William knew he needed to consolidate power quickly so he ravaged the countryside on his way to London. Officials from the city submitted to the conquering William in hopes of avoiding death and destruction. William sent an advanced guard to London to “build a fortress and prepare for his triumphant entry into the city”. After his coronation at Westminster Abbey on Christmas day 1066, William withdrew from the city. He knew his first task was control of the huge and “fickle” population of London.
The Normans built a great stone tower called the White Tower near the site of the old Roman fort. The tower wasn’t like anything ever built in London and sent the city a message of things to come. Norman masons and stones were brought in from William’s native Normandy for the building. The labor to build the tower was provided by the English. The tower dominated the skyline and could be seen for miles.
The Tower of London was never the favorite royal residence or the first line of defense during war. The Tower’s primary function was as a fortress, a stronghold for the royalty and it would remain that way until the late 1800s.
The Medieval Tower of London
Richard the Lionhearted was the first medieval king to update and expand the Tower. He left for the crusades shortly after becoming King in 1189. In his absence the royal palace was doubled in size and reinforced as a stronghold by adding additional defenses. In Richard’s absence his brother John laid siege to the Tower and forced Richard’s men out after their supplies ran out. Upon his return in 1194, Richard regained control. His brother John asked for forgiveness and was even named successor to the throne. When King Richard died, John became King and was probably the first to have exotic animals, such as lions, kept at the Tower. John died trying to keep his throne and left a kingdom in turmoil to his son Henry III. Henry defeated the invading French and dealt with rebelling Barons during his reign. He saw weaknesses in the Tower’s defenses and worked to improve them. He was the first to build a moat around the Tower in 1238.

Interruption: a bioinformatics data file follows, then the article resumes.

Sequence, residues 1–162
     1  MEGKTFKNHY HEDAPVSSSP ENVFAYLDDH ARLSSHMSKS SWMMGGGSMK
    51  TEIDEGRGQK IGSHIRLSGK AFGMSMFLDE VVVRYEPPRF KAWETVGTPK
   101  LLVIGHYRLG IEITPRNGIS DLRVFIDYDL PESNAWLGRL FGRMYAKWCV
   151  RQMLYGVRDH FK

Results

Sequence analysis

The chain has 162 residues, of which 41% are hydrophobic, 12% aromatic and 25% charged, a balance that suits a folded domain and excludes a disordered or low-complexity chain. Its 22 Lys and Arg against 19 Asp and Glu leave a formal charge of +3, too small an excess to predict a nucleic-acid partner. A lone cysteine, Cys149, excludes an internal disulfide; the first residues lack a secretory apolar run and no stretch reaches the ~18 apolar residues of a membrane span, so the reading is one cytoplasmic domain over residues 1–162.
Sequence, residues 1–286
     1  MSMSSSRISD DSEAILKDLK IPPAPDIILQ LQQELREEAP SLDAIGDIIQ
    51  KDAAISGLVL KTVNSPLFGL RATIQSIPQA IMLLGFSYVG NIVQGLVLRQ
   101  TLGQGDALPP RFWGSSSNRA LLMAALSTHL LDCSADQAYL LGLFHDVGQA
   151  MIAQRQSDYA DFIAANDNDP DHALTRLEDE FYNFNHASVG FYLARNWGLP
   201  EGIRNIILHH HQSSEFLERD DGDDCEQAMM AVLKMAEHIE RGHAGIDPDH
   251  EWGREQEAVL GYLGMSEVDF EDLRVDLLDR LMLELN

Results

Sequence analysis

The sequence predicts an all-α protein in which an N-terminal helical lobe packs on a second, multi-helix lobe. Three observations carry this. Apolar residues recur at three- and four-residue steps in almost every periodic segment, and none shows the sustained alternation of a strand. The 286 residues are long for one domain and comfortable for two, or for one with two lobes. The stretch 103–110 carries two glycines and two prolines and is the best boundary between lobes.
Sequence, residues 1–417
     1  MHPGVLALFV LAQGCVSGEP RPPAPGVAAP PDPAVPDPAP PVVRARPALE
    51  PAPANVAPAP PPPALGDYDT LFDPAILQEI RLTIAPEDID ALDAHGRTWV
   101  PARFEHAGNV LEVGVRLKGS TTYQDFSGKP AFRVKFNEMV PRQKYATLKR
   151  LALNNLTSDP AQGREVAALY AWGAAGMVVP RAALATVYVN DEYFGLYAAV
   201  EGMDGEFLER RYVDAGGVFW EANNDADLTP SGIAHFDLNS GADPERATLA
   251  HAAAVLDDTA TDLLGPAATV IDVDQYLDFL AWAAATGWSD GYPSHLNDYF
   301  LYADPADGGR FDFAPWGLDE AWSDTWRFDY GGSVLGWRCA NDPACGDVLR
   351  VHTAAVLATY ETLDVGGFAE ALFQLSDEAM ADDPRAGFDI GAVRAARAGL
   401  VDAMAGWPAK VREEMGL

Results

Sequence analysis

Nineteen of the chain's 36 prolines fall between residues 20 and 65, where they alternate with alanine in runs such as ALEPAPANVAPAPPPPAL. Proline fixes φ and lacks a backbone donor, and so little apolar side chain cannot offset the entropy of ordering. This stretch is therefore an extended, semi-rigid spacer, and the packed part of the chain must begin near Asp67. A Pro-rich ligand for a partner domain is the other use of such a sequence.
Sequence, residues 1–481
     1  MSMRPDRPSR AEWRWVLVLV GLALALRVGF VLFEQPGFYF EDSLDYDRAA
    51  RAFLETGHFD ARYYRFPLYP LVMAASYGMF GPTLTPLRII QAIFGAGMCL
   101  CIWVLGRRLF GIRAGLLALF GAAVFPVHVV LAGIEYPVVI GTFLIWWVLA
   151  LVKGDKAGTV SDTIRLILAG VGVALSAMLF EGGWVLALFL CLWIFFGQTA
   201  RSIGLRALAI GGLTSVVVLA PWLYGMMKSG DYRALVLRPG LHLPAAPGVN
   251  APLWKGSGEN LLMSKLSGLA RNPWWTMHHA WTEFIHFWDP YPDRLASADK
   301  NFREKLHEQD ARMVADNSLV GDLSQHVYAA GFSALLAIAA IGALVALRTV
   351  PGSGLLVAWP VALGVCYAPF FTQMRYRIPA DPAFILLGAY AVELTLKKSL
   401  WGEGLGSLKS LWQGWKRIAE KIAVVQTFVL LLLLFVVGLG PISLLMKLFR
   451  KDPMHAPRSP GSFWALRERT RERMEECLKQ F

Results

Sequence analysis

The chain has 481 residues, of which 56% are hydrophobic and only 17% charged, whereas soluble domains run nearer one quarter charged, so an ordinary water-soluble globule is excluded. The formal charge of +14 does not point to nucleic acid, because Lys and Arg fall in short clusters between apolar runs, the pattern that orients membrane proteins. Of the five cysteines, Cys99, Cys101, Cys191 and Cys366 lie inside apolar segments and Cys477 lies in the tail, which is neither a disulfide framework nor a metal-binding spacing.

King Edward I transformed the castle into the largest and strongest “concentric” castle, with one ring of defenses inside another. The castle had first been used as a prison in 1100 but King Edward was the first to store historic papers and other valuables within its walls. It also became a royal mint during this time. His grandson King Edward III was a successful warrior, like his great-grandfather Henry III and unlike his father Edward II. He captured the kings of Scotland and France and imprisoned both in the Tower. During his reign 10,000 rebels plundered the capital during the Peasants Revolt and entered the Tower but did so unarmed. In 1399 King Richard was imprisoned in the Tower after being forced to renounce his crown.
The Tower had a reputation for being a place of murder and execution. Mad King Henry VI was imprisoned and eventually executed at the Tower. King Edward IV became King upon Henry’s execution. It was upon King Edward’s death that one of the saddest moments occurred in the history of the Tower. His two sons Edward, aged 12 and Richard, aged 10, who were in line for the throne when their father died, went missing never to be heard from again. Their bones were found at the castle during renovation in 1674. The story remains a mystery but there is little doubt murder was committed at the Tower.
With King Henry VII, the Tudor family came to power in England. Henry VIII continued the expansion of the Tower but it was the execution of two of his wives at the Tower for which he is remembered. Henry VIII’s decision to break with Rome and become the Supreme ruler of the Church of England caused a large increase of catholic prisoners in the Tower and saw a rise in executions. His son Edward VI continued the large number of executions until the short rule of Queen Mary I, who returned the country to Catholicism and persecuted protestant leaders. The use of the Tower, as a prison and a place of execution, continued for another 100 years.
The Tower played a key role in the English civil war, fought between the royalists and the parliamentarians. Charles I ended parliament which was a major cause of the civil war. He lost the Tower in a blow from which the royalists did not recover. With the execution of Charles I and with the monarchy abolished, all the gold and jewels were sold and the precious metal melted to provide funds for the good of the commonwealth. After the restoration of the monarchy several years later the Tower’s use as a prison declined even as its use as storage for military supplies and equipment increased.
Under the guidance of the Duke of Wellington in 1852, the aging palace and castle was restored as an important place in English history. Two world wars saw the Tower used once again as a prison and a place of execution. Rudolph Hess, one of Hitler’s trusted generals, was briefly held as a prisoner in the Tower. During WWII bombing damage was considerable and several buildings were destroyed. During this time the dried moat was used for growing vegetables.
Category Rating: A+
Overall Rating: #3
Comments: Tourists can learn so much about the history of England and the life of its royals by studying the Tower of London. I wouldn’t go to London without taking at least a half day and visiting the Tower of London. It is a “must see” historical site.